}
      }
      if (!hasAssignment) {
        timecard.addError('No assignment for contact ' +
          timecard.Contact__c + ', week ending ' +
          timecard.Week_Ending__c);
      }
    }
  }
}

Unit Testing

Now that the trigger is developed, you must test it. During development, taking note of the code paths and thinking about how they are best covered by unit tests is a good idea. An even better idea is to write the unit tests as you develop.

To create unit tests for the timecard validation code using the Force.com IDE, follow the same procedure as that for creating an ordinary Apex class. An optional variation on this process is to select the Test Class template from the Create New Apex Class Wizard. This generates skeleton code for a class containing only test methods.

Listing 4.44 contains unit tests for the TimecardManager class. Before each unit test, test data is inserted in a static initializer. The tests cover a simple positive case, a negative case in which no assignments exist for the timecard, a second negative case in which no valid assignments exist for the time period in a timecard, and a batch insert of timecards. The code demonstrates a best practice of placing all unit tests for a class in a separate test class with an intuitive, consistent naming convention. In our example, the TimecardManager class has a test class named TestTimecardManager, the class name prefaced by the word Test.

Listing 4.44 Unit Tests for TimecardManager Class

@isTest
private class TestTimecardManager {
  private static ID contactId, projectId;

  static {
    Contact contact = new Contact(FirstName = 'Nobody', LastName = 'Special');
    insert contact;
    contactId = contact.Id;
    Project__c project = new Project__c(Name = 'Proj1');
    insert project;
    projectId = project.Id;
  }

  @isTest static void positiveTest() {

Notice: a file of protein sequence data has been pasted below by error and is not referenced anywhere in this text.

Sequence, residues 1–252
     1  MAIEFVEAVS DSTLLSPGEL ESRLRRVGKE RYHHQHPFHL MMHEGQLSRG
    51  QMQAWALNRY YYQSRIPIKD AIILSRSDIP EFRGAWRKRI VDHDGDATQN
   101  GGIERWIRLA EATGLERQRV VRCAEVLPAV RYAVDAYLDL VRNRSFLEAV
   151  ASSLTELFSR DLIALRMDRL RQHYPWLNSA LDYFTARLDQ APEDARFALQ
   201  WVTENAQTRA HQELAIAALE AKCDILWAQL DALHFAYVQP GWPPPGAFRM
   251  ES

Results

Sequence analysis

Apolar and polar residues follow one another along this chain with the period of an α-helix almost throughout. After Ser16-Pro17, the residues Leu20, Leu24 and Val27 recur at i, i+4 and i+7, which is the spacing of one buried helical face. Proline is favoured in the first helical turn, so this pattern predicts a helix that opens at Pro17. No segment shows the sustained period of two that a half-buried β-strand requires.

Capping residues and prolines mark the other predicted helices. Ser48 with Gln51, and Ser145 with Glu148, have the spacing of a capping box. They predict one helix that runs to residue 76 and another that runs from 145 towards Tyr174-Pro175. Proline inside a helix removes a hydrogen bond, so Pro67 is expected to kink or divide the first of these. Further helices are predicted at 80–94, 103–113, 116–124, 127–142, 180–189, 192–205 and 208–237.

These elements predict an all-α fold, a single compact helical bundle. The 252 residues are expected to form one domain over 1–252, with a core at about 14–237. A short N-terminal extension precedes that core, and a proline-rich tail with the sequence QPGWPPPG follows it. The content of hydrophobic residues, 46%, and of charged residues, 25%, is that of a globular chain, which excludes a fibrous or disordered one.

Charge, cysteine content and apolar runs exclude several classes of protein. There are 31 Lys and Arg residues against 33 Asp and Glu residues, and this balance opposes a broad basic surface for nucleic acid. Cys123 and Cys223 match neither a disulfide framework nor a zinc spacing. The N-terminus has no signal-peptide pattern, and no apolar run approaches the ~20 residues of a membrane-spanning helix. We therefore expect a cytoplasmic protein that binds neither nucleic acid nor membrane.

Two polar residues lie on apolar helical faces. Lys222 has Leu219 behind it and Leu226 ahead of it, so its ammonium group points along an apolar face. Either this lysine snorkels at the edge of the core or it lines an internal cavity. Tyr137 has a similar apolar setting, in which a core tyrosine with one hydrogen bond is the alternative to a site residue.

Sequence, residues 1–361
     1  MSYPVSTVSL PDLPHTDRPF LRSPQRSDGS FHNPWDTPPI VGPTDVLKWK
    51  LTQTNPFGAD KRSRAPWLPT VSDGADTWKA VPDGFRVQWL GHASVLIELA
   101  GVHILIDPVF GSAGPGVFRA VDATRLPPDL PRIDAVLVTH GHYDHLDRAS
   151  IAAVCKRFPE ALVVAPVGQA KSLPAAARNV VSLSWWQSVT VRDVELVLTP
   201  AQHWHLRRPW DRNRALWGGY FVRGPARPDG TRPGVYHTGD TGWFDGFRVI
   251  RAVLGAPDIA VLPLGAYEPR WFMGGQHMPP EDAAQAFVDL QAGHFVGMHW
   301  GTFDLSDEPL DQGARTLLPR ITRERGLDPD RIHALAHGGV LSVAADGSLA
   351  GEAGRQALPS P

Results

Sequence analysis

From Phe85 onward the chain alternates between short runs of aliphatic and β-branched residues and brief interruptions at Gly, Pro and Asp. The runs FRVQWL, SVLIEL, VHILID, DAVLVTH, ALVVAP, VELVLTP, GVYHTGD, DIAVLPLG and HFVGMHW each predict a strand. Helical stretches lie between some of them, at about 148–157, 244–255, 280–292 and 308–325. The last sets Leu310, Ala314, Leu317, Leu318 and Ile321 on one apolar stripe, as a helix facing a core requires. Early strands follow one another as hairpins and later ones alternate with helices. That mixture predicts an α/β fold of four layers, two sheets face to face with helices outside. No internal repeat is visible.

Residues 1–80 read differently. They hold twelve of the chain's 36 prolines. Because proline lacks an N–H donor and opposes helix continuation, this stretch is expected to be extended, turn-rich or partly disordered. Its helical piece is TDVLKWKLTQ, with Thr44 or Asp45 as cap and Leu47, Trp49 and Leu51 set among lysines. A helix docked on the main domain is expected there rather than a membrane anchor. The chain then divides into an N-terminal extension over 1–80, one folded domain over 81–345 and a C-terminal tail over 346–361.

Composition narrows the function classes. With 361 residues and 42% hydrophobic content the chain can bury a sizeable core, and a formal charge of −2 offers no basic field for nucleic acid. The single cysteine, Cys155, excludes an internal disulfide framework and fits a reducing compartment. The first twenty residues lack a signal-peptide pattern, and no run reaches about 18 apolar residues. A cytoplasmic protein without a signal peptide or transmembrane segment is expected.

Date weekEnding = Date.valueOf('2015-04-11');
    insert new Assignment__c(Project__c = projectId,
      Start_Date__c =  weekEnding - 6, End_Date__c = weekEnding,
      Contact__c = contactId);
    insert new Timecard__c(Project__c = projectId,
      Week_Ending__c = weekEnding, Contact__c = contactId);
  }

  @isTest static void testNoAssignments() {
    Timecard__c timecard = new Timecard__c(Project__c = projectId,
      Week_Ending__c = Date.valueOf('2015-04-11'),
      Contact__c = contactId);
    try {
      insert timecard;
    } catch (DmlException e) {
      System.assert(e.getMessage().indexOf('No assignments') > 0);
      return;
    }
    System.assert(false);
  }

  @isTest static void testNoValidAssignments() {
    Date weekEnding = Date.valueOf('2015-04-04');
    insert new Assignment__c(Project__c = projectId,
      Start_Date__c = weekEnding - 6, End_Date__c = weekEnding,
      Contact__c = contactId);
    try {
      insert new Timecard__c(Project__c = projectId,
      Week_Ending__c = Date.today(), Contact__c = contactId);
    } catch (DmlException e) {
      System.assert(e.getMessage().indexOf('No assignment for contact') > 0);
      return;
    }
    System.assert(false);
  }

  @isTest static void testBatch() {
    Date weekEnding = Date.valueOf('2015-04-11');
    insert new Assignment__c(Project__c = projectId,
      Start_Date__c =  weekEnding - 6, End_Date__c = weekEnding,
      Contact__c = contactId);
    List<Timecard__c> timecards = new List<Timecard__c>();
    for (Integer i=0; i<200; i++) {
      timecards.add(new Timecard__c(Project__c = projectId,
        Week_Ending__c = weekEnding, Contact__c = contactId));
    }
    insert timecards;
  }
}

After saving the code in the unit test class, run it by right-clicking in the editor and selecting Force.com, Run Tests. After a few seconds, you should see the Apex Test Runner view with a green check box indicating that all tests passed, as shown in Figure 4.10. Expand the results node to see 100% test coverage of the TimecardManager, and scroll through the debug log to examine performance information and resource consumption for each of the tests.

Figure 4.10

Figure 4.10 Viewing test results